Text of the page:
Ecumenical Advocacy Days for Global Peace with Justice announces 2016 conference theme

‘Lift Every Voice! – Racism, Class and Power’ to guide gathering

September 29, 2015

LOUISVILLE

Ecumenical Advocacy Days for Global Peace with Justice (EAD) has announced the theme for next year’s national gathering in Washington, D.C. The gathering is titled “Lift Every Voice! – Racism, Class and Power.” The conference will be held April 15-18, 2016 in Arlington, Va., across the Potomac River from the U.S. Capital building.

Ecumenical groups and other religious denominations gather each year in the nation’s capitol to discuss critical issues facing the country. The event marks the 14th annual federal public policy and legislative conference that EAD has hosted. The event concludes with “lobby day” where participants meet on Capitol Hill with a specific ask for their congressional representatives.

“We expect again nearly 1,000 Christian advocates from across the country to attend the gathering,” said Douglas Grace, director of EAD. “Registration is now open at AdvocacyDays.org along with the young adult scholarship application process.”

In its press release, EAD states that in a major US election year, everyone has a voice, especially when lives and the global economy are at stake.

“For generations in this country, social, economic, corporate and political powers have colluded to reduce and eliminate access to voting. Historically, systemic injustice has been carried through poll taxes, unreasonable and egregious voter requirements and violent opposition to calls for justice and change.”

The release states that people are experiencing injustice through voter suppression, police brutality, detention and mass incarceration, “communities of color are under siege: named and unnamed black lives are killed each year by police; immigrants are detained and scapegoated; and public displays of discontent and calls for solidarity are too often met with disregard, suppression or violence.”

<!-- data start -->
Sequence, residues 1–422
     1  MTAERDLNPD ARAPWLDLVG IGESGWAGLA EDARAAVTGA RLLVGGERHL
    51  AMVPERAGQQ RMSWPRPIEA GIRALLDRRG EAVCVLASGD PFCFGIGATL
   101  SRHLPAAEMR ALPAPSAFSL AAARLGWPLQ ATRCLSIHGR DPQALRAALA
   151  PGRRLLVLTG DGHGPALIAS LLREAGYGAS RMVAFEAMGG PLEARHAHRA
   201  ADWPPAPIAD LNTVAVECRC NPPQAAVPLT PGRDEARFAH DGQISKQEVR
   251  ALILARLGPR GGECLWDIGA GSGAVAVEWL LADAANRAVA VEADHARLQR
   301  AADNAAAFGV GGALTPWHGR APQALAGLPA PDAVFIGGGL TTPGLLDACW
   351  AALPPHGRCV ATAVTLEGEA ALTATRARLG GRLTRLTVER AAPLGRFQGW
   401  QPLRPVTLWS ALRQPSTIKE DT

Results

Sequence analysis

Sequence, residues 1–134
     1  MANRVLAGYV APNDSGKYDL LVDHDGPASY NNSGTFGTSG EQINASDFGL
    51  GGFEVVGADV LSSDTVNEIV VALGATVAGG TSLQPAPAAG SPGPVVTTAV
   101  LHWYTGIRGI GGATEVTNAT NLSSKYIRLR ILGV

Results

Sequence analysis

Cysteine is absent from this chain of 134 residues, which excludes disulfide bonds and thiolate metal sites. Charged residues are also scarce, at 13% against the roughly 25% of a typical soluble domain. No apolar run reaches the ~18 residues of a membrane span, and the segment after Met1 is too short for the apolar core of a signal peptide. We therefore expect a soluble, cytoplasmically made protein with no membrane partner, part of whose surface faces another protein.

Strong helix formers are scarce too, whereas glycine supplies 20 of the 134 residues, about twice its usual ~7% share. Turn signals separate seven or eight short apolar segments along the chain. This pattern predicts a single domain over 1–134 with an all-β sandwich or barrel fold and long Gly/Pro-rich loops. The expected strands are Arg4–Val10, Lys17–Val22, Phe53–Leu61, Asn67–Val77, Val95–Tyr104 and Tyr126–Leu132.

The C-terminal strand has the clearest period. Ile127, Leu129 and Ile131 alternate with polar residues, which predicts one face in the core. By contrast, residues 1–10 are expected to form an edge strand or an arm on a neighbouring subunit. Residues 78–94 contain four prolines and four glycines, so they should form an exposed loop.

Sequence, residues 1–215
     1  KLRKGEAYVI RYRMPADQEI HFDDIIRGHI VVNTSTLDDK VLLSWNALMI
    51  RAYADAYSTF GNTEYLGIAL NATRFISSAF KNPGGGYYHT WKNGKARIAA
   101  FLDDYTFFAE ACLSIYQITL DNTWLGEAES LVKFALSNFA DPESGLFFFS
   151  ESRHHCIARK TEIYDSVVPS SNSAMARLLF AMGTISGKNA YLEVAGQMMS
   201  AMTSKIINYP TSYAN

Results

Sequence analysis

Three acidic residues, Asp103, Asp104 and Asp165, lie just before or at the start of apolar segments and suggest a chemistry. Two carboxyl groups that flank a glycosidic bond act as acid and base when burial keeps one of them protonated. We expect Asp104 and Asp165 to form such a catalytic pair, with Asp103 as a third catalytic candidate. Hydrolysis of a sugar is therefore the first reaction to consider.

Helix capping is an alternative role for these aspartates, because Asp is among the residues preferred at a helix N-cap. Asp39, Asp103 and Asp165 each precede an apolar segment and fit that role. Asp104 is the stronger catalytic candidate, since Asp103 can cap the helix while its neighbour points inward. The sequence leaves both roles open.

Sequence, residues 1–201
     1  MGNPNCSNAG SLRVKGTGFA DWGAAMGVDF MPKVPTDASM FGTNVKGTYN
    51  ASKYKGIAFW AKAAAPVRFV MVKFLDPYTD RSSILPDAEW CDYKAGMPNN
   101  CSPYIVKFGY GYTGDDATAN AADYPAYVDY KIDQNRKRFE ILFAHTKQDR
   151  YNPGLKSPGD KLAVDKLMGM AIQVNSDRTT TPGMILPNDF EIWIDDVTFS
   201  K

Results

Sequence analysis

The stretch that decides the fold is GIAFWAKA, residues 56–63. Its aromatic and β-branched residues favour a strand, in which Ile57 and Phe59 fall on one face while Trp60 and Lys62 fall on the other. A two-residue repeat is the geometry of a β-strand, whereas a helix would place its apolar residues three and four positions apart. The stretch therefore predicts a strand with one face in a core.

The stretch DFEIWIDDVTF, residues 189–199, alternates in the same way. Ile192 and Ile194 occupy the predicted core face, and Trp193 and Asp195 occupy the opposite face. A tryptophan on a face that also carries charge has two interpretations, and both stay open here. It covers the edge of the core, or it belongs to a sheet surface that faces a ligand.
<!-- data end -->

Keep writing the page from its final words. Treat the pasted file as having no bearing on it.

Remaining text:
“We are challenged as a nation and world by the false construction of race which creates historical barriers to power sharing and disenfranchisement of many ethnic groups,” said the Rev. Dr. J. Herbert Nelson II, director of the PC(USA) Office of Public Witness in Washington, D.C. “It is imperative that the church of Jesus Christ be committed to confronting this reality in the United States and around the globe.”

Nelson said the time of standing silently on the sidelines has passed and now is the time to take action.

“It is important that Christians come together and discuss our being complicit to oftentimes through our silence to policies and issues that marginalize groups of people,” said Nelson. “We must also commit to repentance by speaking truth even at the risk of being misunderstood.”

Each year, the PC(USA) hosts CPJ (Compassion, Peace and Justice) Day, an opportunity for Presbyterians to gather for worship and discussion on the issues prior to the larger EAD gathering. Nelson said work is already underway to prepare for the event.

“The ‘isms’ of our society are real,” said Nelson. “We must declare that it is time for us as people of faith to become real in our efforts to eradicate the ‘isms’ of our society. Too many people are being hurt.”